Improving the hospital discharge process for patients

After collating the experiences of experiences of people involved with hospital discharges, local NHS leaders have pledged clearer information, better communication with patients and carers, and £17m investment into the discharge to assess model.
An older woman, using a walker and walking down a corridor. She is being supported by a nurse, who is holding her arm and wearing scrubs

A person may be medically fit to leave hospital but need further support before they’re ready to return home, such as in a care or nursing home. This is known as the discharge to assess Pathway 3 model.

More than 75% of the 141 people we heard from said that they felt delays in admission or discharge had a negative psychological effect. There were testimonies of fantastic care, but also testimonies about delays, poor information, and distress.

People told us about care at the Bristol Royal Infirmary (BRI), Weston General Hospital, Southmead Hospital, and shared their experiences of care homes and adult social care services.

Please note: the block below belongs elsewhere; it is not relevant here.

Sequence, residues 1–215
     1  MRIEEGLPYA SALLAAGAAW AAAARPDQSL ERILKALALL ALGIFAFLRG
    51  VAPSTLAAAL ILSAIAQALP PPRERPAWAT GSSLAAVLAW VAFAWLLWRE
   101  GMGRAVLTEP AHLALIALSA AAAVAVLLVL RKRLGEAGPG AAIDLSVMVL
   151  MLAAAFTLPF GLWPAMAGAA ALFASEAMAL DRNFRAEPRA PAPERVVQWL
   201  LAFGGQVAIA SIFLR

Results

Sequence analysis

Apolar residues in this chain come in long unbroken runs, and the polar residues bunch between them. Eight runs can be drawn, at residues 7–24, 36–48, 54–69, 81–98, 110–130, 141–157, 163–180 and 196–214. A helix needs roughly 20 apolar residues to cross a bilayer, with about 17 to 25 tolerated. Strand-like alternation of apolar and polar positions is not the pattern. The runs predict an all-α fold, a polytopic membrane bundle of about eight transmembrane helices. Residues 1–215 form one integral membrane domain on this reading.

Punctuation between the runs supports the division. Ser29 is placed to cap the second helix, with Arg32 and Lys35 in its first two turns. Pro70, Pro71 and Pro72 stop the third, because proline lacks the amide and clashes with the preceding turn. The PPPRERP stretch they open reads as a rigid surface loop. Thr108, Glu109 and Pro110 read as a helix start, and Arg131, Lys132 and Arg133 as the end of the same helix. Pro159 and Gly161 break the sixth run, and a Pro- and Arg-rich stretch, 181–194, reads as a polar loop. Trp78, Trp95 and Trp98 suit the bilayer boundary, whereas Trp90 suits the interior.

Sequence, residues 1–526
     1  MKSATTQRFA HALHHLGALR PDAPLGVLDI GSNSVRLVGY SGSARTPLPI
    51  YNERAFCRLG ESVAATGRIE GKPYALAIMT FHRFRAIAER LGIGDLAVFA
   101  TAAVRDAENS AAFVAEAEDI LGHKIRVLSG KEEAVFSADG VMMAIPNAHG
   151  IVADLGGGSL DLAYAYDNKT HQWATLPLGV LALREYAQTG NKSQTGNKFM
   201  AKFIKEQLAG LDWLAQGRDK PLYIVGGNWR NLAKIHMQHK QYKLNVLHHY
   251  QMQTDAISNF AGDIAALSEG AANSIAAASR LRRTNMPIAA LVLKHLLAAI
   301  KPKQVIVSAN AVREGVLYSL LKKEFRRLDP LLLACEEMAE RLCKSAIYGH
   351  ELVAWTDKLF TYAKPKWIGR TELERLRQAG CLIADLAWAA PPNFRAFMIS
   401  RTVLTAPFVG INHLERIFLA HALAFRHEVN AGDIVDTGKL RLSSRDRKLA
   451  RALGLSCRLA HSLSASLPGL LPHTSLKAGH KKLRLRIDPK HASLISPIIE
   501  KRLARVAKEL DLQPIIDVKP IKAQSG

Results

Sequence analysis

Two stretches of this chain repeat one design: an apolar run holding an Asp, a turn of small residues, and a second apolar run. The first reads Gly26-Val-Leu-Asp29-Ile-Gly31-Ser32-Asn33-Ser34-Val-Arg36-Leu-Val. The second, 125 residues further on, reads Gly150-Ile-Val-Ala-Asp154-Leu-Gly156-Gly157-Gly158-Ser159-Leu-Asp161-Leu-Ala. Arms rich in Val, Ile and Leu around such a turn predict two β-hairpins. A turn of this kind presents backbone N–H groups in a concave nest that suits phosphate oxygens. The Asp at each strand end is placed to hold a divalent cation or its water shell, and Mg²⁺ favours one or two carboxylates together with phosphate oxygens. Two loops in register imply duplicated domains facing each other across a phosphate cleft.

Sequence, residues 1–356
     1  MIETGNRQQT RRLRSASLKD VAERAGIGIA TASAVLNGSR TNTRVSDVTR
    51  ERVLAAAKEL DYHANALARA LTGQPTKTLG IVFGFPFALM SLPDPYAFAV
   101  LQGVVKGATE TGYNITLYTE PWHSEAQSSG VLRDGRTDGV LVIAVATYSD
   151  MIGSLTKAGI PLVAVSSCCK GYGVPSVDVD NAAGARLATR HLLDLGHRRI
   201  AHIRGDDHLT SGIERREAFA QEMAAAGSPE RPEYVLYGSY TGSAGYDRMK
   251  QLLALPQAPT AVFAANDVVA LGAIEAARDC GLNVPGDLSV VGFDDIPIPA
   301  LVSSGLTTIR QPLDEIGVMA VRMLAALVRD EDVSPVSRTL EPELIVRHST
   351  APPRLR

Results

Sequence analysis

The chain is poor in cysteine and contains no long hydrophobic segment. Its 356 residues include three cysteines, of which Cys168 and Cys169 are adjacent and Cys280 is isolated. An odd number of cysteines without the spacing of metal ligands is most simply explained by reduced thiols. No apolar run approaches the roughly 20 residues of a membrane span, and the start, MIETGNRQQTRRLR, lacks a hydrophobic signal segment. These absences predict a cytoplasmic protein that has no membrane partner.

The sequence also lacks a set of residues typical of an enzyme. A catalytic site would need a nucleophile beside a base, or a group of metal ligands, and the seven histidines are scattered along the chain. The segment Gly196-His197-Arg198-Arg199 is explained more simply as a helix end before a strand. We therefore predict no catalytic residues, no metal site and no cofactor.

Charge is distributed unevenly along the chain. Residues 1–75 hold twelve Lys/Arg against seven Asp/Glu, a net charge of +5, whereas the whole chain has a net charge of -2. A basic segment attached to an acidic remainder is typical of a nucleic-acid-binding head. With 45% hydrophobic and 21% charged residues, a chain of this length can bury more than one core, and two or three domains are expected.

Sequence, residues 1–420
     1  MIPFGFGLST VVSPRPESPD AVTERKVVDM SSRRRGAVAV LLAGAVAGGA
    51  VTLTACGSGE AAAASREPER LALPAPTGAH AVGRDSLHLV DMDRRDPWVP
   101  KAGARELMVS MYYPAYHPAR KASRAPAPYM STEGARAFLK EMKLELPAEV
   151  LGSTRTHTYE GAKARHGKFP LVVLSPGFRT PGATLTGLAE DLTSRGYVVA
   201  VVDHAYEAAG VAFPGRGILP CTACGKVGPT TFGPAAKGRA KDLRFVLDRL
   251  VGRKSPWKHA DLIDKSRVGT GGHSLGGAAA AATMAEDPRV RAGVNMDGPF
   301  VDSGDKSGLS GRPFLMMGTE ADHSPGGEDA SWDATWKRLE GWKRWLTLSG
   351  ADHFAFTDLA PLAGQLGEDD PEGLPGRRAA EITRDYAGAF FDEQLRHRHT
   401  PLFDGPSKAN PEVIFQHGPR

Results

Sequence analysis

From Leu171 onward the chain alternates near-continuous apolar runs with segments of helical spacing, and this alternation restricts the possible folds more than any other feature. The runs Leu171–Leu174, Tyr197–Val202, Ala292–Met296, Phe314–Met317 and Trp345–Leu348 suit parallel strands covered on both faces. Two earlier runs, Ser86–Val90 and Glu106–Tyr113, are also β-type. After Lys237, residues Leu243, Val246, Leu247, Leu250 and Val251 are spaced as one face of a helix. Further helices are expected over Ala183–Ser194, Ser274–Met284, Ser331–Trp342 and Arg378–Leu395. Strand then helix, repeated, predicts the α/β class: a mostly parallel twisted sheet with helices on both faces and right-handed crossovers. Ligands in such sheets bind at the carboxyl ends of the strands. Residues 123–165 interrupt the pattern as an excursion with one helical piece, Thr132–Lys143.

After collating people's experiences, we presented our findings to the hospital trusts, the Integrated Care System, and Bristol City Council. All have pledged to make improvements to the hospital discharge process.

The admission process did not include conversations around care or the pathway by which mum would return home. In fact, no discharge conversation was had, except when I asked. I had concerns that mum might be returned home without adequate support.
— Project respondent

Responses by key NHS figures and local care providers

North Bristol Trust (NBT, provider for Southmead Hospital) said they have begun working with their patient and carer groups to on how to provide clear information about which pathway a person is on, and ensure patients and families have a central point of contact. We have been invited to review the Pathway 3 experience in 2023. 

University Hospitals Bristol and Weston (provider for the BRI and Weston General) said they will work with NBT on consistent and improved communication with patients around different pathways. Their new workstream ‘ Every Minute Matters’ is central to their plans to improve the flow of patients through their hospitals. 

Shane Devlin, CEO of the BNSSG Integrated Care System (ICS) said the ICS will invest £17m into the D2A model across the area, to bring council partners and community health together to better coordinate people's discharge. Our recommendations will inform this process. 

Bristol City Council (provider of adult social care services) said our recommendations will help influence their new 'Home First’ programme, which reviews hospital discharge based on the principle that people recover best at home.

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